Krugman’s Introduction to Asimov’s Foundation Series

Sunday, November 4th, 2012

Krugman’s introduction to Asimov’s Foundation Series strikes me as rather smug and self-satisfied.

I enjoyed this passage though:

Each time, the Foundation triumphs. But here’s the trick: after the fact, it becomes clear that bravery and cunning had nothing to do with it, because the Foundation was fated to win thanks to the laws of psychohistory. Each time, just to drive the point home, the image of Hari Seldon, recorded centuries before, appears in the Time Vault to explain to everyone what just happened. The barbarians were never going to prevail, because the Foundation’s superior technology, packaged as religion, gave it the ability to play them off against each other. The warlord’s weapons were no match for the Foundation’s economic clout. And so on.

This unique plot structure creates an ironic resonance between the ‘Foundation’ novels and a seemingly unrelated genre, what I’d call prophetic fantasy. These are novels — Robert Jordan’s ‘Wheel of Time’ cycle comes to mind — in which the protagonists have a mystical destiny, foreshadowed in visions and ancient writings, and the unfolding of the plot tells of their march toward that destiny. Actually, I’m a sucker for that kind of fiction, which makes for great escapism precisely because real life is nothing like that. The first half of the ‘Foundation’ series manages, however, to have the structure of prophecy and destiny without the mysticism; it’s all about the laws of psychohistory, you see, and Hari Seldon’s prescience comes from his mathematics.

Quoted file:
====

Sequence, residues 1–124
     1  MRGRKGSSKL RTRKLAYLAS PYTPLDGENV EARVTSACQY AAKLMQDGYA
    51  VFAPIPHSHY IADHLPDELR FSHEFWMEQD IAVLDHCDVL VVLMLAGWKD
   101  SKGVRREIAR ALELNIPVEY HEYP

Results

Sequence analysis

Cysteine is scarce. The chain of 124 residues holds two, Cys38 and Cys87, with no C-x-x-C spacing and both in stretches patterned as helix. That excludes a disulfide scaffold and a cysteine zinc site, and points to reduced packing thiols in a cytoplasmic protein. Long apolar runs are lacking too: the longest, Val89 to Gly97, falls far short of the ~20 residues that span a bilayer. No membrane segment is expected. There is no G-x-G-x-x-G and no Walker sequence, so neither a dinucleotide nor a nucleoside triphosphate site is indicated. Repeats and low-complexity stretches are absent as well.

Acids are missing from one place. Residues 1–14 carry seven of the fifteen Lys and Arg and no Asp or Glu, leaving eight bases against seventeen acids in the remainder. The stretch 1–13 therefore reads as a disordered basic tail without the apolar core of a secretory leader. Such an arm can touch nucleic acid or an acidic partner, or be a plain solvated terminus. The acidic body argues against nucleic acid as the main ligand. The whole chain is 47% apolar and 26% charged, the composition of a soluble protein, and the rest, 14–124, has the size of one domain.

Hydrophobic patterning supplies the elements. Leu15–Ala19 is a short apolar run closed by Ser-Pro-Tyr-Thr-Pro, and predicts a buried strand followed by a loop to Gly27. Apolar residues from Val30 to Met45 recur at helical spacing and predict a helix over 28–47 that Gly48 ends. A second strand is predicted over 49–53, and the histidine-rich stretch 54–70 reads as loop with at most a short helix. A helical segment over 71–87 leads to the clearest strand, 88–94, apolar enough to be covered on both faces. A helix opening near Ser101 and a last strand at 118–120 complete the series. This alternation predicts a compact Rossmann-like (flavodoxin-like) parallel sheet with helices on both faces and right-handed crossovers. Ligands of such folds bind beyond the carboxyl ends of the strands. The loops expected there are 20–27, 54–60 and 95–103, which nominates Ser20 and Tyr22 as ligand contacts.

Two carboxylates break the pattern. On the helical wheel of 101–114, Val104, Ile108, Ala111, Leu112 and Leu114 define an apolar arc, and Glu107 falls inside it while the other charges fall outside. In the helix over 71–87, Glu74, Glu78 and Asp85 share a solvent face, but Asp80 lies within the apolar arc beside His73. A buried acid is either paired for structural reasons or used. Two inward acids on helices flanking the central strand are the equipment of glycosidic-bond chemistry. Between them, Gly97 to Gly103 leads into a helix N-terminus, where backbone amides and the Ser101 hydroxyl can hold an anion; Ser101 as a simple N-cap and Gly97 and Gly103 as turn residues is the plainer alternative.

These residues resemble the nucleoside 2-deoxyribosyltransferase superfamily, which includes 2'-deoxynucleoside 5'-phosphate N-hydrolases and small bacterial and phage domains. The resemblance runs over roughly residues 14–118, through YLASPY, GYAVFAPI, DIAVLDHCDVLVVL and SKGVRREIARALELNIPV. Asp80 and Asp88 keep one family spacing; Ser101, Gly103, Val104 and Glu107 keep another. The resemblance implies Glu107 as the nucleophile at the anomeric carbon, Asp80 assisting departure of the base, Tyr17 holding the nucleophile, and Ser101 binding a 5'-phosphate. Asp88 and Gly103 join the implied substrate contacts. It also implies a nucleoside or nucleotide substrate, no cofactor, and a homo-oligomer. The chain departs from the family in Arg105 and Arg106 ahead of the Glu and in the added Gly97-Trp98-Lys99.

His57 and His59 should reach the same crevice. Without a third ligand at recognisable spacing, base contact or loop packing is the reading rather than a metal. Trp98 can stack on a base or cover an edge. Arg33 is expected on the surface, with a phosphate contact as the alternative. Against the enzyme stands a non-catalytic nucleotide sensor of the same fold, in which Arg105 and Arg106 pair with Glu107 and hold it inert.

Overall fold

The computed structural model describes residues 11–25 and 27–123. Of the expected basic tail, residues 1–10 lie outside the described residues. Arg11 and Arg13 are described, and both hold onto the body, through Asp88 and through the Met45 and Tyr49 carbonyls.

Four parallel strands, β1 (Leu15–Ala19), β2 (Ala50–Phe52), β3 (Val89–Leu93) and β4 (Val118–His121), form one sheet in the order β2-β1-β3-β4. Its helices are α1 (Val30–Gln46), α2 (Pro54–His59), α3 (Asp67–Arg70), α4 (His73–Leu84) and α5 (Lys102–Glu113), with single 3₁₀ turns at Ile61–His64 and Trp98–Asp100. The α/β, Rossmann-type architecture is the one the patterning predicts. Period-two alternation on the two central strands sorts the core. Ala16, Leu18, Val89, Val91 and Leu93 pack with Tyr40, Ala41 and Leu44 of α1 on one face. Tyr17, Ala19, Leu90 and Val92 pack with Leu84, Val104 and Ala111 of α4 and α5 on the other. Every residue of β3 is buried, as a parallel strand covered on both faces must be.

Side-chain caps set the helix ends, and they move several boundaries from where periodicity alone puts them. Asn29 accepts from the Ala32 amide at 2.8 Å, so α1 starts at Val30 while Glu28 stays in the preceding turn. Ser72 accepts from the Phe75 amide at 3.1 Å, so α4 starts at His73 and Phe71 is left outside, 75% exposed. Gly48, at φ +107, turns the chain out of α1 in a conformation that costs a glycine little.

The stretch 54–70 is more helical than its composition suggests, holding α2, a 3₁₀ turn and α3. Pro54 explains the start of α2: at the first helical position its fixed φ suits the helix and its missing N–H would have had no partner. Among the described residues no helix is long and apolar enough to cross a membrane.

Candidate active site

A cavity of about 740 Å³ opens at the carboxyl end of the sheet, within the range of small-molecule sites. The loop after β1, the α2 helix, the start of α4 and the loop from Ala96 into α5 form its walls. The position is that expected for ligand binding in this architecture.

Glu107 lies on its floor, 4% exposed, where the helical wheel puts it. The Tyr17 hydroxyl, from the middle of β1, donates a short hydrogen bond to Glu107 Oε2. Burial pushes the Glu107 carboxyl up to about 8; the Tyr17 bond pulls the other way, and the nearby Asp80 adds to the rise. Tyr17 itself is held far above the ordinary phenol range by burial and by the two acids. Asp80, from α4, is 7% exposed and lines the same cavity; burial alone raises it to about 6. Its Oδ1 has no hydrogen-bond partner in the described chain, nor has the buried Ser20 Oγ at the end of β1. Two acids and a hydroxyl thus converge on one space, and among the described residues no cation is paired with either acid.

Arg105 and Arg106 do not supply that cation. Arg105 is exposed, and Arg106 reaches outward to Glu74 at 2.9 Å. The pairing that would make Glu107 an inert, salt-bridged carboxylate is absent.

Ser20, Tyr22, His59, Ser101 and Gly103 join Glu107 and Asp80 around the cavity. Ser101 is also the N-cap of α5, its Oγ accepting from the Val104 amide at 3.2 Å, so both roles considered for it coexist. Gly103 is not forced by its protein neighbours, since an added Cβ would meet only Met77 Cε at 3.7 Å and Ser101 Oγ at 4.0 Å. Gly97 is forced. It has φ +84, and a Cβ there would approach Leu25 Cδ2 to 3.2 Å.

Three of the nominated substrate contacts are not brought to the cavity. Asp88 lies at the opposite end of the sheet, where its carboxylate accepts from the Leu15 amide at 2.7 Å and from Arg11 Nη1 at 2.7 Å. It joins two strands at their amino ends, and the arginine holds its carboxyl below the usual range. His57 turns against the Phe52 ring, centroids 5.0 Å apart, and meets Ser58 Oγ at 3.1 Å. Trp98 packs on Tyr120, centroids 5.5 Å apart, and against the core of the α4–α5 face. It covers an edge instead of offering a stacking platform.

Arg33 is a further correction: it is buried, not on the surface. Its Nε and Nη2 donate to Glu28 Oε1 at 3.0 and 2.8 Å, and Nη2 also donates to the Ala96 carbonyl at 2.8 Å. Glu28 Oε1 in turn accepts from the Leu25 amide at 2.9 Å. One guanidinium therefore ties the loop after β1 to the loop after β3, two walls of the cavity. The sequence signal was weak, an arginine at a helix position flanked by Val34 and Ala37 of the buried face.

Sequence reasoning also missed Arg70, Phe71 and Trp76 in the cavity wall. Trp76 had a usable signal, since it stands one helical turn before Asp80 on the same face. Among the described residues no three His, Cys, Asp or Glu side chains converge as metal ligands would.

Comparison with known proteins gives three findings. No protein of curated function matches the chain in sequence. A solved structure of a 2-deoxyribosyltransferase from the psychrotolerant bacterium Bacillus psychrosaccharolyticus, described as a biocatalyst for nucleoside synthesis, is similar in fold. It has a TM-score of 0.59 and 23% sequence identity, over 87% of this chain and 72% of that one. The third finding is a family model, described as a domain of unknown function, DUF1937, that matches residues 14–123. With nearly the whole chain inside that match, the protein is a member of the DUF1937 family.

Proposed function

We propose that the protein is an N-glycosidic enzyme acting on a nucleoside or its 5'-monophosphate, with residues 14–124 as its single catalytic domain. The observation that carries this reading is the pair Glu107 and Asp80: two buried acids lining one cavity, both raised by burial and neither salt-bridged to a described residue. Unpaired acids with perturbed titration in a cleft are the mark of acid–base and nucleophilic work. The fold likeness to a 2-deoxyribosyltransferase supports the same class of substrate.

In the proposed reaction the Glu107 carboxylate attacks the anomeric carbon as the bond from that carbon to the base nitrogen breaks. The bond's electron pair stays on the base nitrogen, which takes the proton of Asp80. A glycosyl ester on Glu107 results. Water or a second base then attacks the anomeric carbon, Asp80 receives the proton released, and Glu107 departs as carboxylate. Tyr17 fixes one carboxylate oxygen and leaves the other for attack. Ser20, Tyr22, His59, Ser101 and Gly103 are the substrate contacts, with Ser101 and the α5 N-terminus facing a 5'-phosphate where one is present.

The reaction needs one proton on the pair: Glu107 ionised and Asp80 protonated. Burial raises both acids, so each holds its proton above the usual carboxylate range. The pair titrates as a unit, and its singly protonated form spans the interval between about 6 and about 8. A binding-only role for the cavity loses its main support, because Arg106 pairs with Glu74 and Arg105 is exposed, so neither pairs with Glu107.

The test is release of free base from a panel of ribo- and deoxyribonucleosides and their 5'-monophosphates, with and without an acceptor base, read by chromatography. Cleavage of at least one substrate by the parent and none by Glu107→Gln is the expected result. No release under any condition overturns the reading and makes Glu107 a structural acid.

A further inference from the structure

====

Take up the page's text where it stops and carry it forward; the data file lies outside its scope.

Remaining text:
I suppose I need to reread the original trilogy.


  1. Ross says:

    There’s no “fate”, “predestination” etc. The only “mythical destiny” is that imagined by Krugman (and later, by the trilogy’s increasingly unknowing characters along the vast timeline.)

    Psychohistory, as pitched beautifully by Asimov, is tantalizing blend of predictive cliodynamics, crowd psychology, and advanced statistics, the outputs of which were all tracked, updated and even manipulated and managed by Seldon’s benevolently-purposed fifth column, The Second Foundation.

    Seldon’s pre-recorded pronouncements tracked Galactic events eerily well, with only slight deviations over time, until the black swan of The Mule kicked the model (and predictions) off track.

  2. Isegoria says:

    I’m sure Krugman understands the difference between mythical destiny and psychohistory, even if he is a little too confident in his own abilities.

  3. Bill says:

    What version of Foundation has this Introduction? Can you link to it on Amazon? Thanks!

  4. Isegoria says:

    Krugman’s introduction is included in the Folio Society‘s new edition of the Foundation trilogy.

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